In addition, the MBA noted: “We are forecasting a 7 percent increase in existing home sales and a 14 percent increase in new home sales in 2024. Coupled with ongoing, but slower, growth in home prices, this sales growth 2 will support higher purchase volume.” Rather than a sudden spike, the current outlook is that mortgage volume, as well as refinance volume, will progressively climb throughout the year.

Mortgage Origination Units to Increase 17% in 2024


An Outsized Impact

Even though the rise and fall of the mortgage market happens all the time, this surge in demand is going to impact lenders and servicers disproportionately. It’s not just interest rates and rising demand that should be top of mind; it’s also how the world has completely turned upside down. And the rate and scale at which change happens has never been more pronounced.

We’re calling it now: the lenders who are prepared to navigate the shifting landscape are the ones who will corner the market.

Mortgage Rates from 1971 to 2024


The last time the lenders saw a demand surge, it was fueled by the lowest interest rates in history. Those rates drove refinance volume through the roof overnight, taking everyone by surprise. It was the fastest climb in demand in the shortest period the industry had ever experienced. No one saw it coming and no one was prepared to capture it. This time around, it’s different.

The reality of the locked-up housing market – with low home inventory, record-high mortgage interest rates, the lowest number of home sales in almost 30 years, and extremely low mortgage and refinance volume – led many companies to take drastic action. The downturn was in effect for such a long time – with little hope of letting up – that many organizations have cut staffing to the bone. Mortgage professionals that have remained are on the brink of burnout.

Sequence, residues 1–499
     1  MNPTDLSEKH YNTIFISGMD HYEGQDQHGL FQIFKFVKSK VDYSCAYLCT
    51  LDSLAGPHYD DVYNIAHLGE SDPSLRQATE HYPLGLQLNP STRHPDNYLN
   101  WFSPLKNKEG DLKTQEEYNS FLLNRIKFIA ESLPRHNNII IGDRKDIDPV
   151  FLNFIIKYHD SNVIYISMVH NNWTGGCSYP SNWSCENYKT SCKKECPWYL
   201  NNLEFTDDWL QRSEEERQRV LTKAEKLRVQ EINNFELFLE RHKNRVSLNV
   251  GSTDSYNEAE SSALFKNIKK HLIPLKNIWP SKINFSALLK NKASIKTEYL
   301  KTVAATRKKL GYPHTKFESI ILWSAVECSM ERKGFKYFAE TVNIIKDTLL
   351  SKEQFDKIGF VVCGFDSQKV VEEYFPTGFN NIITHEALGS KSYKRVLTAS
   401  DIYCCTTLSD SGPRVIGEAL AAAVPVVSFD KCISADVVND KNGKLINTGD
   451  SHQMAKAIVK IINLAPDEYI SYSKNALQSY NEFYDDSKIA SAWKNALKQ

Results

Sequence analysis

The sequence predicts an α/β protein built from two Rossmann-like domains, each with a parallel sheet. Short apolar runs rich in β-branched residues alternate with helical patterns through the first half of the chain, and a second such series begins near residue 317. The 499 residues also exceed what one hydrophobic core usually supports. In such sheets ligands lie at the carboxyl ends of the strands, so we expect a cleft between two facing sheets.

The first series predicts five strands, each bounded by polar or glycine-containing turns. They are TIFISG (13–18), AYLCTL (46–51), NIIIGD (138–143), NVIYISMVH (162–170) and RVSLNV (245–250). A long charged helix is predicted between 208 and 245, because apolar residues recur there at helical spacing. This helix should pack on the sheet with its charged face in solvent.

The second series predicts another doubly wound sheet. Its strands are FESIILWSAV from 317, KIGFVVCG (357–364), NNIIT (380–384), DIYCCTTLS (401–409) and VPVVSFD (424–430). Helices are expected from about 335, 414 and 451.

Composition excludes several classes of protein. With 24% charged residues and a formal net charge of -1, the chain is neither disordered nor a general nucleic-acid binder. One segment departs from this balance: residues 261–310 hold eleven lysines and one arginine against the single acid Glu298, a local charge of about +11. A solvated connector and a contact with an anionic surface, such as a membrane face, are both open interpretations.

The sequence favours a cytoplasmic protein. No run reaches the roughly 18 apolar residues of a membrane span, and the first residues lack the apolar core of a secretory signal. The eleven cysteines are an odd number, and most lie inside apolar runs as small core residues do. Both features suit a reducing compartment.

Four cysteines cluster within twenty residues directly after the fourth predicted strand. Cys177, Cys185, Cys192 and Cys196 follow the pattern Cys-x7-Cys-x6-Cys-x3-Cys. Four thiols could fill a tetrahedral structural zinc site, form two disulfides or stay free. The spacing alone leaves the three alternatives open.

Facing down the talent shortage

When mortgage volume does begin to rise, talent issues will become clear very quickly. Alongside the overall increase in volume, there will be a need for speed. Since interest rates have been so high for so long, the incoming market shift will cause a snowball effect. First-time homebuyers have been priced out of the market for such an extended period of time that they are desperate to lock in a home. Even minimal changes in interest rates are impacting home buying activity.  At the same time there are not enough homes for buyers entering the market. So, when an eager homebuyer finally finds a home, they need a loan fast. If the process slows down at any point, customer satisfaction will be impacted and companies risk losing business to competitors.

Maintaining exceptional service levels will be crucial during this period.